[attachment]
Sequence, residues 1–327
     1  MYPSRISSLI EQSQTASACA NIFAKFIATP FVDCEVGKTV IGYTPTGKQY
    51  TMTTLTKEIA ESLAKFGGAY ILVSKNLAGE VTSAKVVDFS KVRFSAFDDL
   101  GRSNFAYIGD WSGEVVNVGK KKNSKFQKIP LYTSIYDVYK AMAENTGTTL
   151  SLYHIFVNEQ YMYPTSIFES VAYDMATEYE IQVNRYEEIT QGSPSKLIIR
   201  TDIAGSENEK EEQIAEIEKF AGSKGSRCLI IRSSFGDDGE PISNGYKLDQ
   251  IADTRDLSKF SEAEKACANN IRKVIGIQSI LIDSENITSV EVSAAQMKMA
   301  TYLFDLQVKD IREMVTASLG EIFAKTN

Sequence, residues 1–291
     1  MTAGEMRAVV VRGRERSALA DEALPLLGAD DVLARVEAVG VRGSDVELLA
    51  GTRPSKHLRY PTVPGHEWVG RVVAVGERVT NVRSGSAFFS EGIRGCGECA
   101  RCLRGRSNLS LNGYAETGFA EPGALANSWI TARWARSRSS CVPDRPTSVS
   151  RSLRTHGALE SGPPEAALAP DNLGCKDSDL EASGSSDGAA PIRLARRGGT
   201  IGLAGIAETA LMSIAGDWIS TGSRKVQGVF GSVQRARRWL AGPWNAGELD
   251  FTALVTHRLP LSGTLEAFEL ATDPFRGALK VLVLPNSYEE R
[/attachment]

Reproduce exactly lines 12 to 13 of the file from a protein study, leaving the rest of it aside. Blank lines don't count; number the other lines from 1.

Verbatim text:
   101  RCLRGRSNLS LNGYAETGFA EPGALANSWI TARWARSRSS CVPDRPTSVS
   151  RSLRTHGALE SGPPEAALAP DNLGCKDSDL EASGSSDGAA PIRLARRGGT